New arsenate reductase gene (arrA) PCR primers for diversity assessment and quantification in environmental samples.


The extent of arsenic contamination in drinking water and its potential threat to human health have resulted in considerable research interest in the microbial species responsible for arsenic reduction. The arsenate reductase gene (arrA), an important component of the microbial arsenate reduction system, has been widely used as a biomarker to study arsenate-reducing microorganisms. A new primer pair was designed and evaluated for quantitative PCR (qPCR) and high-throughput sequencing of the arrA gene, because currently available PCR primers are not suitable for these applications. The primers were evaluated in silico and empirically tested for amplification of arrA genes in clones and for amplification and high-throughput sequencing of arrA genes from soil and groundwater samples. In silico, this primer pair matched (≥90% DNA identity) 86% of arrA gene sequences from GenBank. Empirical evaluation showed successful amplification of arrA gene clones of diverse phylogenetic groups, as well as amplification and high-throughput sequencing of independent soil and groundwater samples without preenrichment, suggesting that these primers are highly specific and can amplify a broad diversity of arrA genes. The arrA gene diversity from soil and groundwater samples from the Cache Valley Basin (CVB) in Utah was greater than anticipated. We observed a significant correlation between arrA gene abundance, quantified through qPCR, and reduced arsenic (AsIII) concentrations in the groundwater samples. Furthermore, we demonstrated that these primers can be useful for studying the diversity of arsenate-reducing microbial communities and the ways in which their relative abundance in groundwater may be associated with different groundwater quality parameters.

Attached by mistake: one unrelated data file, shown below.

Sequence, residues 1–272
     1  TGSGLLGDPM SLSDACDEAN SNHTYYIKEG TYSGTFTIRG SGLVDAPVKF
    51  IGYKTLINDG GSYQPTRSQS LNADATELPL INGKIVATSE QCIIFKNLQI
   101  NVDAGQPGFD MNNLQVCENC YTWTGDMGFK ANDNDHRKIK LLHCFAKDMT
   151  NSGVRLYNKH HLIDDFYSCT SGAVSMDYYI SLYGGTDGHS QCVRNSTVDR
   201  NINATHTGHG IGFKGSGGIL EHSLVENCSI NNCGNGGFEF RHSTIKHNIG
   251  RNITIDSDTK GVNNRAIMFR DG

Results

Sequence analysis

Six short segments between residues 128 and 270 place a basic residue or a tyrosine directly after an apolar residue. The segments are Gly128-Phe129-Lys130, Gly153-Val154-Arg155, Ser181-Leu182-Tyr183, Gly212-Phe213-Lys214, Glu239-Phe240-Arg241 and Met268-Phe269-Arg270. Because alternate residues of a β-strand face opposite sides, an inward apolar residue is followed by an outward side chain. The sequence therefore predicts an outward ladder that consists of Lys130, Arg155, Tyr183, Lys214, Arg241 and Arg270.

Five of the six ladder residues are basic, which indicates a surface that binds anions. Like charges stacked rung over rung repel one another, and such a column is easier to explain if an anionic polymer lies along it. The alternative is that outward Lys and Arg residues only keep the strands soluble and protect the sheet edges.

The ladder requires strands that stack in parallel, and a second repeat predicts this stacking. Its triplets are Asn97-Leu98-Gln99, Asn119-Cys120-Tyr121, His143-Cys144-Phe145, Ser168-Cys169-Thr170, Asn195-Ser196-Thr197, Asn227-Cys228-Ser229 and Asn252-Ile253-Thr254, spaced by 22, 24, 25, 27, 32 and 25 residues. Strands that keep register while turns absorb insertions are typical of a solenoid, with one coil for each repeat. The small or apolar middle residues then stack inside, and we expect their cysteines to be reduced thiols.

Document Type





arsenate reductase gene (arrA), high-throughput sequencing, qPCR of arrA gene, arsenic reduction

Publication Date


Journal Title

Applied Environmental Microbiology